Echolocation found to be cheap for deep-diving whales
A new international study led by Aarhus University in Denmark, in collaboration with the Universities of St Andrews and La Laguna, Tenerife, reveals how whales have evolved to live in the world's deepest oceans.
Many whales and dolphins, including the champion deep-diving beaked whales, use echolocation, the ability to locate objects by reflected sound, to find food in the dark of the deep ocean. Scientists have not been able to agree on how much energy this remarkable sensing ability takes, until now.
A new study published today (Thursday 31 October) in the journal Scientific Reports reveals that, at least for short-finned pilot whales, echolocation is cheap. This may help explain how echolocating whales evolved to live in deep waters throughout the world.
In a throwback to terrestrial ancestors, whales use air to make their intense echolocation click sounds and this raises a problem for deep divers. Air compresses with depth so that at 700m deep, where pilot whales hunt, a lung-full of air has shrunk to 1.5% of its volume. But the new study shows that pilot whales use tiny amounts of air to make each click so this volume goes a long way. Even so, whales need to capture the air used by each click and recycle it, like a SCUBA rebreather, to be able to echolocate throughout their dives.
Lead author Ilias Foskolos, a doctorate student at Aarhus University in Denmark, said: "How whales manage to keep echolocating in deep dives has been a long-standing mystery. These are wild oceanic predators that are really difficult to study."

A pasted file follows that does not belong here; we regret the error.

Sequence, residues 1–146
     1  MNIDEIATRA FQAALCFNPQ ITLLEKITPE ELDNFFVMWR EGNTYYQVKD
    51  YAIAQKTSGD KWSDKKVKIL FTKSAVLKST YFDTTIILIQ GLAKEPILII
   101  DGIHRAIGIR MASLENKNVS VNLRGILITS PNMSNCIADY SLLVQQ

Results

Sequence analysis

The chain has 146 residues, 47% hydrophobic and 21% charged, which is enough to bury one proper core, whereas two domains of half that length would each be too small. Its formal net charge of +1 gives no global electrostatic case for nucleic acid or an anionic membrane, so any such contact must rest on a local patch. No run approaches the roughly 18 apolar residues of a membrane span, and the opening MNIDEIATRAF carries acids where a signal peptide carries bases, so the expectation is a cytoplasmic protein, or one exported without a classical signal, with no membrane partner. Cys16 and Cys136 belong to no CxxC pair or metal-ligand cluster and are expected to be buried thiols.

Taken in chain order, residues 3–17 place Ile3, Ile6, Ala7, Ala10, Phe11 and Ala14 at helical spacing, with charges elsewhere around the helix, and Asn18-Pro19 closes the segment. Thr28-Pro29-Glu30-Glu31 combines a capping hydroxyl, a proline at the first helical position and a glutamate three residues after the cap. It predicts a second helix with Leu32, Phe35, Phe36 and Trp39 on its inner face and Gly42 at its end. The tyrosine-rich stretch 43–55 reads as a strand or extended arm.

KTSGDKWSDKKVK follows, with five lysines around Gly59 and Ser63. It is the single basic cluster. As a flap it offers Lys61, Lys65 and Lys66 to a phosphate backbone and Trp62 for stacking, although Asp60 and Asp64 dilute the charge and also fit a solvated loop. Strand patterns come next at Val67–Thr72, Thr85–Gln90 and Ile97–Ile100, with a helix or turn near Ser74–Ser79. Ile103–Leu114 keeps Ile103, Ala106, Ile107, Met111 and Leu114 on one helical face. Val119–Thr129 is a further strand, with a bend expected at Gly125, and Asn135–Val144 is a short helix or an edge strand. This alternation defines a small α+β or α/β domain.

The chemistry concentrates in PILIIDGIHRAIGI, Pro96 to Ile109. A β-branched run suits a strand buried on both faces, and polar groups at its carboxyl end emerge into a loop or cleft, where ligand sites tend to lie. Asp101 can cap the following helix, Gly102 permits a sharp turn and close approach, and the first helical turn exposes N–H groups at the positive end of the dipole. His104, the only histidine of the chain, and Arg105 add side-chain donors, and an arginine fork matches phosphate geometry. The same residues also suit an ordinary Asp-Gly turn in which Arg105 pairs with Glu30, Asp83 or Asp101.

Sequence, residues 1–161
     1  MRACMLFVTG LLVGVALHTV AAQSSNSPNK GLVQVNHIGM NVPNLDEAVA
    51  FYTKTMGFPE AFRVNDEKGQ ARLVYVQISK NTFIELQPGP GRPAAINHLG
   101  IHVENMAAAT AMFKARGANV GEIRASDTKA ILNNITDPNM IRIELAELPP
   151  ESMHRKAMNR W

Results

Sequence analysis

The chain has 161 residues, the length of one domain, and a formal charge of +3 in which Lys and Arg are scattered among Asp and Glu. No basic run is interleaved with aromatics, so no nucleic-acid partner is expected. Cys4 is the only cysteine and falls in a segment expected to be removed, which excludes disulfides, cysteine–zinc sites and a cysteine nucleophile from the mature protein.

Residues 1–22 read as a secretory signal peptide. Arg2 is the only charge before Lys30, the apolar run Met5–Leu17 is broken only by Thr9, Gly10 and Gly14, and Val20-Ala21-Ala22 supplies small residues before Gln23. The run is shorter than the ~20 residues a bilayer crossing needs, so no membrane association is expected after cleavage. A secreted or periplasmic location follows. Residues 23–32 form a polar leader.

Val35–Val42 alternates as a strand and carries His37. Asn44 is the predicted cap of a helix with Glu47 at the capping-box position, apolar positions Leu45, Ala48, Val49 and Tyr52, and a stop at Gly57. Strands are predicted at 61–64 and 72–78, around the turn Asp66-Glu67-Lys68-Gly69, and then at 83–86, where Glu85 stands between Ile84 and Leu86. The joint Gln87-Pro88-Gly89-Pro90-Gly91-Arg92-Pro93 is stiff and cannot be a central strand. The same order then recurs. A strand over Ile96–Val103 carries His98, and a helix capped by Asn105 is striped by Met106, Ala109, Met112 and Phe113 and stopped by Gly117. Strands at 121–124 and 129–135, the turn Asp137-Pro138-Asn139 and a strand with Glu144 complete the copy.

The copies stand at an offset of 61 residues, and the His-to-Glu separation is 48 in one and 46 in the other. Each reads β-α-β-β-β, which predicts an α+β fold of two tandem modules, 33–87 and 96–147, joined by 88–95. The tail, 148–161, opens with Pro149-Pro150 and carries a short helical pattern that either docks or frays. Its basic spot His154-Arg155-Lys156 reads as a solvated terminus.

To rise to this challenge, the international team attached miniature computers to whales with suction cups to record the close-in sound of the echolocation clicks.
Dr. Mark Johnson, a researcher at the Sea Mammal Research Unit at the University of St Andrews, commented: "There was a eureka moment when we realized that the sound of each click changes gradually as whales echolocate depending on how much air is used."
Professor Peter Madsen from the Department of Bioscience at Aarhus University added: "This meant that we could measure for the first time just how little air whales use to make each click. Even though these whales can detect prey at tens or even hundreds of meters, the small air volumes mean that echolocation doesn't take much energy."
To study deep-diving pilot whales, the team went to Tenerife in the Canary Islands. Dr. Natacha Aguilar de Soto of the University of La Laguna, a co-author on the paper, said: "This study gives us a glimpse of the incredible evolutionary developments that allow pilot whales to hunt efficiently in the dark. But their reliance on sound makes them vulnerable to the noise from boats that we are adding to the ocean."
The paper, "Deep diving pilot whales make cheap, but powerful, echolocation clicks with 50µL of air," is published in Scientific Reports.